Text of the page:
"I understood you had no friends," she said. "I am pleased that there's nobody to find fault with you for what you have done. I like to think that I am in no one's way."

Heyst would have said something, but she did not give him time. Unconscious of the movement he made she went on:

"What I was thinking to myself was, why are you here?"

Heyst let himself sink on his elbow again. "If by 'you' you mean 'we'—well, you know why we are here."

She bent her gaze down at him.

"No, it isn't that. I meant before—all that time before you came across me and guessed at once that I was in trouble, with no one to turn to. And you know it was desperate trouble too."

Her voice fell on the last words, as if she would end there; but there was something so expectant in Heyst's attitude as he sat at her feet, looking up at her steadily, that she continued, after drawing a short, quick breath:

"It was, really. I told you I had been worried before by bad fellows. It made me unhappy, disturbed—angry, too. But oh, how I hated, hated, hated that man!"

"That man" was the florid Schomberg with the military bearing, benefactor of white men ("decent food to eat in decent company")—mature victim of belated passion. The girl shuddered. The characteristic harmoniousness of her face became, as it were, decomposed for an instant. Heyst was startled.

"Why think of it now?" he cried.

"It's because I was cornered that time. It wasn't as before. It was worse, ever so much. I wished I could die of my fright;—and yet it's only now that I begin to understand what a horror it might have been. Yes, only now, since we—"

Heyst stirred a little.

"Came here," he finished.

Her tenseness relaxed, her flushed face went gradually back to its normal tint.

"Yes," she said indifferently, but at the same time she gave him a stealthy glance of passionate appreciation; and then her face took on a melancholy cast, her whole figure drooped imperceptibly. "But you were coming back here anyhow?" she asked.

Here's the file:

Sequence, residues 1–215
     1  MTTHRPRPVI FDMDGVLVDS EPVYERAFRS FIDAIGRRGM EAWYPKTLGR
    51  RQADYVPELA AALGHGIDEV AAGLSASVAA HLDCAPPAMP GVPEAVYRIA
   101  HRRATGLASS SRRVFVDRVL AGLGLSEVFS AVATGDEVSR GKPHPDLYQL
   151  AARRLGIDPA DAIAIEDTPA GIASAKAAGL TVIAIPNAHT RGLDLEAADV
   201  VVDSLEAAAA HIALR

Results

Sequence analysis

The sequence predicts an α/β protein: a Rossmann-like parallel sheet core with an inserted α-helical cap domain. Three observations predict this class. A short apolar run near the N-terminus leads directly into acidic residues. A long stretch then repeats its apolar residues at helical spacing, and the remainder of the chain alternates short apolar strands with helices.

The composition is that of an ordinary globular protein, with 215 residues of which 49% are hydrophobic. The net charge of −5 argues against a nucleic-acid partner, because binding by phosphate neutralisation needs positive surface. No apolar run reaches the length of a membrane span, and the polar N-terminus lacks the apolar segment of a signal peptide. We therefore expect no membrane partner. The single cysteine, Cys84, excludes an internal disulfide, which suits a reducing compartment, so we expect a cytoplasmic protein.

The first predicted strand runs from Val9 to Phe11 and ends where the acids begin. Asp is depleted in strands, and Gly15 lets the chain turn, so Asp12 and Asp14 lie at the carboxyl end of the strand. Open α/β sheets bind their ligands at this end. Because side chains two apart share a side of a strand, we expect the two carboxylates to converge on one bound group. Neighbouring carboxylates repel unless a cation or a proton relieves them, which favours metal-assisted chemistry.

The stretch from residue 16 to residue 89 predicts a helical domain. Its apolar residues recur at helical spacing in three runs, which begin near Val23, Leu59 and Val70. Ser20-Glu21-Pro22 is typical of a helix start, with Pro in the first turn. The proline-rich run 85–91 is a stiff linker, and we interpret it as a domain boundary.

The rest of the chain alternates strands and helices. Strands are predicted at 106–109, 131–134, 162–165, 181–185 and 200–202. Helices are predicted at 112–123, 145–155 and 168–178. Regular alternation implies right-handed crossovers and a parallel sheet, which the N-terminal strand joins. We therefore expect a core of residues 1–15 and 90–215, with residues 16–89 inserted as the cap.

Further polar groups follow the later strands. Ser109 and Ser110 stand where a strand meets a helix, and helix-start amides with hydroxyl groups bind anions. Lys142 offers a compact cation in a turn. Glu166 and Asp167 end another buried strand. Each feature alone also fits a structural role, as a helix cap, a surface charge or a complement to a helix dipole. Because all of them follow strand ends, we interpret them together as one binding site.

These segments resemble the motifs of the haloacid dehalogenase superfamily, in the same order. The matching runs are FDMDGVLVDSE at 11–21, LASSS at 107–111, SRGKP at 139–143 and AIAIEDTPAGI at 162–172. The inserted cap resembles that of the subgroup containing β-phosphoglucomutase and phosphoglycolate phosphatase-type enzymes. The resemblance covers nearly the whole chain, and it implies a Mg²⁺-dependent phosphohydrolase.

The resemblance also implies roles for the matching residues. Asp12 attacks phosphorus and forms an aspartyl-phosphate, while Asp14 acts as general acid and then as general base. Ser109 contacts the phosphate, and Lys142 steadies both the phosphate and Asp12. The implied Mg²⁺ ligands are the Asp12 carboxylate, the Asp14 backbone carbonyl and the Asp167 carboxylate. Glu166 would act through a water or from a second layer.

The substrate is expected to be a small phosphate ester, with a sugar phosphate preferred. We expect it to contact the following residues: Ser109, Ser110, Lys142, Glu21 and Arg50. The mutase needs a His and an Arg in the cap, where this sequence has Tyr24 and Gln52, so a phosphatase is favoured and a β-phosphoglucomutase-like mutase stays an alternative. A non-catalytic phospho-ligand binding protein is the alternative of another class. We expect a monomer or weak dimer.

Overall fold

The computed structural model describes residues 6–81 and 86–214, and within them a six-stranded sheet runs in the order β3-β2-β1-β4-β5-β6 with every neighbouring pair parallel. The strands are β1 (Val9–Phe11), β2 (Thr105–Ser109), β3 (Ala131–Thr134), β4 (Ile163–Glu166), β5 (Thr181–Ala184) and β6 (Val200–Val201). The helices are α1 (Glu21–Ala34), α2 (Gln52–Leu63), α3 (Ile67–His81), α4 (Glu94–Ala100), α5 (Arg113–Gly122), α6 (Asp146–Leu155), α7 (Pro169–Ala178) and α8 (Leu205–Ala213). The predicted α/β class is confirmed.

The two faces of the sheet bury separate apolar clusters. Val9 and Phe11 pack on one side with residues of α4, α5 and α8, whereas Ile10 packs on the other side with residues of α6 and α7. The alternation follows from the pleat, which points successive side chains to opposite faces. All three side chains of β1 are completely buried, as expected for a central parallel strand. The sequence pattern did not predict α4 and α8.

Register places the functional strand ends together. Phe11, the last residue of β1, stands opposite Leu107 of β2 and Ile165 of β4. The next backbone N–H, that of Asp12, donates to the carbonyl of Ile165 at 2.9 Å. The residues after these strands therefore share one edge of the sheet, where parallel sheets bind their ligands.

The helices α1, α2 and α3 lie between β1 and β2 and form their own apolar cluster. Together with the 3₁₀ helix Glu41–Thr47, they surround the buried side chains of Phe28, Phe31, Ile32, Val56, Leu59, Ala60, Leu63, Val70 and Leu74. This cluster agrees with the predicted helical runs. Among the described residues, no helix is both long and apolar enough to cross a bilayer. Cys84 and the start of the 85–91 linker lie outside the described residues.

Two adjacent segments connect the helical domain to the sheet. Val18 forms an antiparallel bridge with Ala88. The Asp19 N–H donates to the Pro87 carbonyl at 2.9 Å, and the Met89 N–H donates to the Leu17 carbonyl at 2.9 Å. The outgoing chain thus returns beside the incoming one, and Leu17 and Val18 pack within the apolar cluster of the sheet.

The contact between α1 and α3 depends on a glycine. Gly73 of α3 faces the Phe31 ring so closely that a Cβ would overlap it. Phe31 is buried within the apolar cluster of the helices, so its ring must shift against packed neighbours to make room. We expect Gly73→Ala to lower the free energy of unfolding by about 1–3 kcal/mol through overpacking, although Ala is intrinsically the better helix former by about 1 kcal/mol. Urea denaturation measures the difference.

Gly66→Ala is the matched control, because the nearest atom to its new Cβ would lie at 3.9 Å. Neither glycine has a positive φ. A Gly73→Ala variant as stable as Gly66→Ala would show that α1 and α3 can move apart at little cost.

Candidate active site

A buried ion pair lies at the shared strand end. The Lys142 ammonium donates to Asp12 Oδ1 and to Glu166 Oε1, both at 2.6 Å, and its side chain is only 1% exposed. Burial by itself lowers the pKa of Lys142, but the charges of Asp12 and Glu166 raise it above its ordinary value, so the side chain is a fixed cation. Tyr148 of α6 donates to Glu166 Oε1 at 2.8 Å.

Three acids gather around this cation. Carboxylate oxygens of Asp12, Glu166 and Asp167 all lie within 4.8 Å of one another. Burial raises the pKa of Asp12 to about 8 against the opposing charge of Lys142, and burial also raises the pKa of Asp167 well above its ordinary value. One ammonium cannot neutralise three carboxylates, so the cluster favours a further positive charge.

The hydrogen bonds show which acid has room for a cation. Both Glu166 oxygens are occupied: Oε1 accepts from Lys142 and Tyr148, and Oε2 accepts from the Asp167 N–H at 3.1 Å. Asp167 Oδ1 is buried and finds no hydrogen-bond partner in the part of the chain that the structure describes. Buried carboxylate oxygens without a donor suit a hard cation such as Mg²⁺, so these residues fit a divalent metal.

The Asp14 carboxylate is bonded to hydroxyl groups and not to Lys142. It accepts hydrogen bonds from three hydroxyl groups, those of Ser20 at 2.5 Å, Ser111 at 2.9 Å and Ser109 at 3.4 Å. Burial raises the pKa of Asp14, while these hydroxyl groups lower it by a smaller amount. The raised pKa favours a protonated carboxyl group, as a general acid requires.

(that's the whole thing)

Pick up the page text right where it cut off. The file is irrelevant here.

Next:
"Yes. I was only waiting for Davidson. Yes, I was coming back here, to these ruins—to Wang, who perhaps did not expect to see me again. It's impossible to guess at the way that Chinaman draws his conclusions, and how he looks upon one."

"Don't talk about him. He makes me feel uncomfortable. Talk about yourself."

"About myself? I see you are still busy with the mystery of my existence here; but it isn't at all mysterious. Primarily the man with the quill pen in his hand in that picture you so often look at is responsible for my existence. He is also responsible for what my existence is, or rather has been. He was a great man in his way. I don't know much of his history. I suppose he began like other people; took fine words for good, ringing coin and noble ideals for valuable banknotes. He was a great master of both, himself, by the way. Later he discovered—how am I to explain it to you? Suppose the world were a factory and all mankind workmen in it. Well, he discovered that the wages were not good enough. That they were paid in counterfeit money."

"I see!" the girl said slowly.

"Do you?"

Heyst, who had been speaking as if to himself, looked up curiously.